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Rotorua events scene punching above its weight

Press Release – Rotorua Lakes Council

Crankworx is luring more visitors to Rotorua and not just during the event, says local bike shop owner Craig Corbett.20 March 2017

Rotorua events scene punching above its weight

Crankworx is luring more visitors to Rotorua and not just during the event, says local bike shop owner Craig Corbett.

“We get a lot of tourists coming through, both domestic and international tourists who have come to visit Crankworx and they come looking for either service or goods so it’s very positive for us,” the NZO Ride Central owner says.

“It’s not necessarily always during Crankworx either. They come here at some stage because they’ve watched Crankworx online and they think ‘I’ve got to go there and check it out’. So I’m getting people from New Caledonia, the Philippines and South America who are coming here because they’ve seen the Enduro World Series at Crankworx.

“Crankworx has really raised the awareness in the local community and for that global mountain biking community, it’s really put us on the map,” Craig says.

Outside of Crankworx mountain bike events dominate the Rotorua events calendar. There’s everything from the annual Moonride and the 2W Gravity Enduro series four times a year to national cross country and downhill races in Whakarewarewa forest.

“When we have biking events on the weekends we are busy all week beforehand. People come to town a couple of days early to ride the trails and get used them and they come in for repairs so there’s a direct spin-off [from the event] for our business.”

Craig turned his love of biking into a business opportunity and caters to everything mountain biking in Rotorua.

Ahead of Crankworx 2018 Craig and his seven staff prepared for a busy period at the shop and out on the trails.

“During Crankworx there’s definitely a pick-up in business but I think the bigger exposure is bringing more people to Rotorua, either domestic or international people. They’re coming here as a key destination to go mountain biking,” he says.

“Those people are staying somewhere, they’re getting food from somewhere … there’s a whole bigger picture here.

“And we have a very proactive community, from trail builders and event organisers to retail shops, transport people and tour guides. It’s all part of this jigsaw puzzle and the whole jigsaw sits together pretty well.”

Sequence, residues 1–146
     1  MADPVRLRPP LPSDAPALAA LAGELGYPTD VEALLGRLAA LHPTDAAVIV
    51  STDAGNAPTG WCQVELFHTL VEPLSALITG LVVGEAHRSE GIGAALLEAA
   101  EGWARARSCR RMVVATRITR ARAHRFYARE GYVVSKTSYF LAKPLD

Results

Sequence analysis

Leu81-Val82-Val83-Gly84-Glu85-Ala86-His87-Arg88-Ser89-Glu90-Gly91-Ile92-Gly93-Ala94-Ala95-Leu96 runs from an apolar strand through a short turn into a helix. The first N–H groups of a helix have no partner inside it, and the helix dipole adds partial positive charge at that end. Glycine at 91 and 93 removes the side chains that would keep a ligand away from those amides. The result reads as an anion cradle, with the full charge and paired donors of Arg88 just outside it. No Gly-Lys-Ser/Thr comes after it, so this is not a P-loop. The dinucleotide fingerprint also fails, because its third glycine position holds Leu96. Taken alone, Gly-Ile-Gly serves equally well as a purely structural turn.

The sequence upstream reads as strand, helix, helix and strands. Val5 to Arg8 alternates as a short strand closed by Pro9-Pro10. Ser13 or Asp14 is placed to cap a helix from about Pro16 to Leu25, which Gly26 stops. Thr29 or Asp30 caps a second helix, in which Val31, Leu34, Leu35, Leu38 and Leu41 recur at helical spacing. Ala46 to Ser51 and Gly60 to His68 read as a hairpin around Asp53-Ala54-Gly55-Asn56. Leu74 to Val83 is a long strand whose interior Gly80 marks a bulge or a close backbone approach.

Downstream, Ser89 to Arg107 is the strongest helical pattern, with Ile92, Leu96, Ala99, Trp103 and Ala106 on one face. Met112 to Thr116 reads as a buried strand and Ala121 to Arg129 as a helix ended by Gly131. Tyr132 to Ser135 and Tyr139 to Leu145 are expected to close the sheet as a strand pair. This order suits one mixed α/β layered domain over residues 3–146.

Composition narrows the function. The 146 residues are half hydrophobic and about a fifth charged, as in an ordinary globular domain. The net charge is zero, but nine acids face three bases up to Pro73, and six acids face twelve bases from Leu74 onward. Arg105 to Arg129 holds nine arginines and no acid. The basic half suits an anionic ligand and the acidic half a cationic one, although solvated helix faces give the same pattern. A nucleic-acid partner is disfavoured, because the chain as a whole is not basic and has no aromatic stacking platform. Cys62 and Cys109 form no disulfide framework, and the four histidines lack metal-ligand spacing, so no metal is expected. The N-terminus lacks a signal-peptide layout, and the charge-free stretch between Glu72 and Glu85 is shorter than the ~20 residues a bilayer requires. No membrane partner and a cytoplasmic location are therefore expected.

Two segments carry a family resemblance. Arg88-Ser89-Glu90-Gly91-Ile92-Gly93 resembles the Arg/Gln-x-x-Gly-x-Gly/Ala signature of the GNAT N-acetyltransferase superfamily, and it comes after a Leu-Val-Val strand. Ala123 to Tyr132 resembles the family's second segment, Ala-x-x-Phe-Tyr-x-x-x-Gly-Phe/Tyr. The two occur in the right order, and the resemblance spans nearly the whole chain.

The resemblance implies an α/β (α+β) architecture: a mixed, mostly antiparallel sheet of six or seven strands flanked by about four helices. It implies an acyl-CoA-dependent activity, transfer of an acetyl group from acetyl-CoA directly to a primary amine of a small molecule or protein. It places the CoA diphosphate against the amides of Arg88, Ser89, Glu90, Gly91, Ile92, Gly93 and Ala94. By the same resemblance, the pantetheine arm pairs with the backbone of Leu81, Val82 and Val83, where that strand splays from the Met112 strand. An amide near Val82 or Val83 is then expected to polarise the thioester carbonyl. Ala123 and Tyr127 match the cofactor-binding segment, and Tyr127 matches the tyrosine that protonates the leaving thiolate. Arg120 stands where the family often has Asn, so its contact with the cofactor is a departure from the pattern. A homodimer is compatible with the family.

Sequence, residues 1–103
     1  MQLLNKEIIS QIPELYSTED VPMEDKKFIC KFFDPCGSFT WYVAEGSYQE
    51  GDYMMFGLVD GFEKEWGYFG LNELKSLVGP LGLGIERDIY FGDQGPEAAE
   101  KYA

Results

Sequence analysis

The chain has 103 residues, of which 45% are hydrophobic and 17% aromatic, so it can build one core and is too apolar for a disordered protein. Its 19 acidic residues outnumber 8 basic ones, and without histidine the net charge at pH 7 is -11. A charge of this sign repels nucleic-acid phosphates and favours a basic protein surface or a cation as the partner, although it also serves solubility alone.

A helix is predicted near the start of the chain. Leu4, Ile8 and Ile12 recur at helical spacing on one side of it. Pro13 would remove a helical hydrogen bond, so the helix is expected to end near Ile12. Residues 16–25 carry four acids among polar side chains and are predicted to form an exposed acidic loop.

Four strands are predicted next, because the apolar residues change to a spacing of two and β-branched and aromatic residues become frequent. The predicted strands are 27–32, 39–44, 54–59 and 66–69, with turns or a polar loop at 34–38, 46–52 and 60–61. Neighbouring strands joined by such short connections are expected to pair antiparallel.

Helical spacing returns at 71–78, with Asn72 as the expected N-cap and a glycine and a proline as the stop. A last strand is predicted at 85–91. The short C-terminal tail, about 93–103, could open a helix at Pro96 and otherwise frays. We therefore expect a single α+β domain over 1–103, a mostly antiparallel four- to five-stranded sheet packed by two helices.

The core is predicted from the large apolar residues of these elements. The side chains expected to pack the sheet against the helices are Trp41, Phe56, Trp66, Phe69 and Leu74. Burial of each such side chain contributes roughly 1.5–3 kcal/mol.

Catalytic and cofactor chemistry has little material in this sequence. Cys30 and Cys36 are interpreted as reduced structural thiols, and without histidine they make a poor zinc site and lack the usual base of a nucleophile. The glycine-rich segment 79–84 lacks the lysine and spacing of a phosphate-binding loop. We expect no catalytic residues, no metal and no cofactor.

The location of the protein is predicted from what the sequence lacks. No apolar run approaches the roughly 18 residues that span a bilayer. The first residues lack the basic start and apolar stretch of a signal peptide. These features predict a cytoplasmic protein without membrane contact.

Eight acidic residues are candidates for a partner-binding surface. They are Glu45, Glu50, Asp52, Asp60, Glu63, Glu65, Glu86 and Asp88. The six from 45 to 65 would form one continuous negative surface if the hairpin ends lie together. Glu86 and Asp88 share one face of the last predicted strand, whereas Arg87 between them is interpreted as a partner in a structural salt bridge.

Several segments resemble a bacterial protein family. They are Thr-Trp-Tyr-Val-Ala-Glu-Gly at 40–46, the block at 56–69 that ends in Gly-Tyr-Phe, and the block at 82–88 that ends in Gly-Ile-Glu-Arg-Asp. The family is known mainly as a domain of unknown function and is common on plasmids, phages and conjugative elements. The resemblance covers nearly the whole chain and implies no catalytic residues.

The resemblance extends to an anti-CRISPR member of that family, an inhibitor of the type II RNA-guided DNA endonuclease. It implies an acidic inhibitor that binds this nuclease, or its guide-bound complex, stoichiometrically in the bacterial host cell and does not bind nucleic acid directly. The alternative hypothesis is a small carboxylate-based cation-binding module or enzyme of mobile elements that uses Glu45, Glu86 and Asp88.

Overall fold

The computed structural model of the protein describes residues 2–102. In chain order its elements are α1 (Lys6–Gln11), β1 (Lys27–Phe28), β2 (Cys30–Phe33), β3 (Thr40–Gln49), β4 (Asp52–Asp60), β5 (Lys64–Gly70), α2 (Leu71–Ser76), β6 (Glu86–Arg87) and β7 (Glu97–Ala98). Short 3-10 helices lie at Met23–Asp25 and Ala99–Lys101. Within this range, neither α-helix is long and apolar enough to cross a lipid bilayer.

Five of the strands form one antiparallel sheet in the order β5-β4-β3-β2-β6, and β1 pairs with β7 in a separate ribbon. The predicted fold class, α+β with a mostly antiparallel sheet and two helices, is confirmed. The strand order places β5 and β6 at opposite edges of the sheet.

A long-time rider himself, Craig has two sons who are avid mountain bikers and says having some of the best riders in the world attending Crankworx Rotorua is a great incentive for young people to get out on their bikes.

“The guys they’ve seen on digital media are here in real life and they’re out talking to the locals.

“A couple of young guys from the shop were out riding and some of the Santa Cruz team turned up asking where to ride. So our guys were showing them around and they were just on cloud nine thinking how cool it was to be out riding with them,” Craig says.

“It gives them aspirations to ride more and ride better and we’ve certainly got a lot of facilities here that allow them to do that. The infrastructure has grown a lot and things like Crankworx have a role to play in that growth.”

According to the Ministry of Business, Innovation and Employment (MBIE) major events have the potential to increase tourism revenue, create new business and trade opportunities and long term outcomes include a high value economy and vibrant communities and culture.

In 2013 Rotorua Lakes Council saw an opportunity to set a vision for the next two decades and that included a strategy to improve the contribution of the sport and recreation industry and the benefit it has to Rotorua’s economy.

“I see some of those challenges that Council has in finding the balance between supporting and encouraging things to come to life and produce the overall benefits,” Craig says.

“I think it’s important that the Council facilitates things. It’s not just about the money, that’s an aspect [but] they need to set up platforms to allow these things to flourish and eventually stand on their own two feet.

“I think there’s an equal share of benefit between the community and the biking community resulting from Crankworx. It’s not just the actual athletes [coming to Rotorua] but all the support people as well so I think there’s a general community benefit which is probably the biggest one,” Craig says.

“The other big benefit is for the biking community – being able to get some of the top riders in the world here to inspire them to ride more often, more frequently and get better.

Events like Crankworx are a trigger that gives people a reason to visit Rotorua, Craig says.

“Rotorua is a great place to come for a long weekend to enjoy all that it has got and the events often give people a reason to come here.

“We’ve got great facilities and a lot of infrastructure already here. We give people a reason to visit and it works really well.

“I think we are definitely punching above our weight.”

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